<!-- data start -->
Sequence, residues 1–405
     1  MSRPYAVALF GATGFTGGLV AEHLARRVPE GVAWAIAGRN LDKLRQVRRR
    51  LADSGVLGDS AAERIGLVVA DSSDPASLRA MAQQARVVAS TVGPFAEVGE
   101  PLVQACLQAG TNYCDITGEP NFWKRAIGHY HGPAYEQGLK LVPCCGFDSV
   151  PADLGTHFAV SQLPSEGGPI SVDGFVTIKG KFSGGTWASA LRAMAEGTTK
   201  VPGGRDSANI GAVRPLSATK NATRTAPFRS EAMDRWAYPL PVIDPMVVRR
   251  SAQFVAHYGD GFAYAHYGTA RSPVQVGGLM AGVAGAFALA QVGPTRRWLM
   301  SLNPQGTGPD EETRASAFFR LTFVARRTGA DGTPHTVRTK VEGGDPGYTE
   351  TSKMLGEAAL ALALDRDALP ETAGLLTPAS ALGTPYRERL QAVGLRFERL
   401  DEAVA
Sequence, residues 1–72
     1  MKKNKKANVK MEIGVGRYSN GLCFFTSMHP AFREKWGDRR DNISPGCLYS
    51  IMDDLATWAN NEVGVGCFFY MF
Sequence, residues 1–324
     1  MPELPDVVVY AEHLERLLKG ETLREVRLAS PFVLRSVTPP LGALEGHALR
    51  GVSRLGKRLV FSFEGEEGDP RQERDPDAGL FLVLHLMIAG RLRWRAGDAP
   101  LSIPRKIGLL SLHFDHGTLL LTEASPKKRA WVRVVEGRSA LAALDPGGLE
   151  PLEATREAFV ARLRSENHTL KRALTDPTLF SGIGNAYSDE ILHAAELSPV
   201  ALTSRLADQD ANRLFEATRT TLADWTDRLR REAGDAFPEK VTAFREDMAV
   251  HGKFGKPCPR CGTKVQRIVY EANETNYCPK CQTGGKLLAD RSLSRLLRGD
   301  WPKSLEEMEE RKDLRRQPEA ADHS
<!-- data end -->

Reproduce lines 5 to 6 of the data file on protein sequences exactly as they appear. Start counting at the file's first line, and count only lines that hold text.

   151  PADLGTHFAV SQLPSEGGPI SVDGFVTIKG KFSGGTWASA LRAMAEGTTK
   201  VPGGRDSANI GAVRPLSATK NATRTAPFRS EAMDRWAYPL PVIDPMVVRR